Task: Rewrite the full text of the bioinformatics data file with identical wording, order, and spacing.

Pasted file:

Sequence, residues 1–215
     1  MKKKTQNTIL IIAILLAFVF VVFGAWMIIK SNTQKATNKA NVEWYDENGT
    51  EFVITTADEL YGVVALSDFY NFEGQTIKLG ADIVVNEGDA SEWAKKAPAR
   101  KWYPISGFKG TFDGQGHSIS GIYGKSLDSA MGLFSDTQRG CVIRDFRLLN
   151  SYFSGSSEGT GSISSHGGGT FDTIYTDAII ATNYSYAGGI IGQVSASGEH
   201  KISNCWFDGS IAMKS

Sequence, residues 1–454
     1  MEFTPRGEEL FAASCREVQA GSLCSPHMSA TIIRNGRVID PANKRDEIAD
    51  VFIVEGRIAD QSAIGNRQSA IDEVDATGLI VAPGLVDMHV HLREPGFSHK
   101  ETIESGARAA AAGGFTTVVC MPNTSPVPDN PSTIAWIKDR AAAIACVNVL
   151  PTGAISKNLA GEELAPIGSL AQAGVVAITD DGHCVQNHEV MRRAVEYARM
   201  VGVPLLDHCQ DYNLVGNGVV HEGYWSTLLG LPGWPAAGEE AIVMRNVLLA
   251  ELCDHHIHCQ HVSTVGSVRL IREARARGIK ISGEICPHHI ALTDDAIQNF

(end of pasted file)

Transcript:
Sequence, residues 1–215
     1  MKKKTQNTIL IIAILLAFVF VVFGAWMIIK SNTQKATNKA NVEWYDENGT
    51  EFVITTADEL YGVVALSDFY NFEGQTIKLG ADIVVNEGDA SEWAKKAPAR
   101  KWYPISGFKG TFDGQGHSIS GIYGKSLDSA MGLFSDTQRG CVIRDFRLLN
   151  SYFSGSSEGT GSISSHGGGT FDTIYTDAII ATNYSYAGGI IGQVSASGEH
   201  KISNCWFDGS IAMKS

Sequence, residues 1–454
     1  MEFTPRGEEL FAASCREVQA GSLCSPHMSA TIIRNGRVID PANKRDEIAD
    51  VFIVEGRIAD QSAIGNRQSA IDEVDATGLI VAPGLVDMHV HLREPGFSHK
   101  ETIESGARAA AAGGFTTVVC MPNTSPVPDN PSTIAWIKDR AAAIACVNVL
   151  PTGAISKNLA GEELAPIGSL AQAGVVAITD DGHCVQNHEV MRRAVEYARM
   201  VGVPLLDHCQ DYNLVGNGVV HEGYWSTLLG LPGWPAAGEE AIVMRNVLLA
   251  ELCDHHIHCQ HVSTVGSVRL IREARARGIK ISGEICPHHI ALTDDAIQNF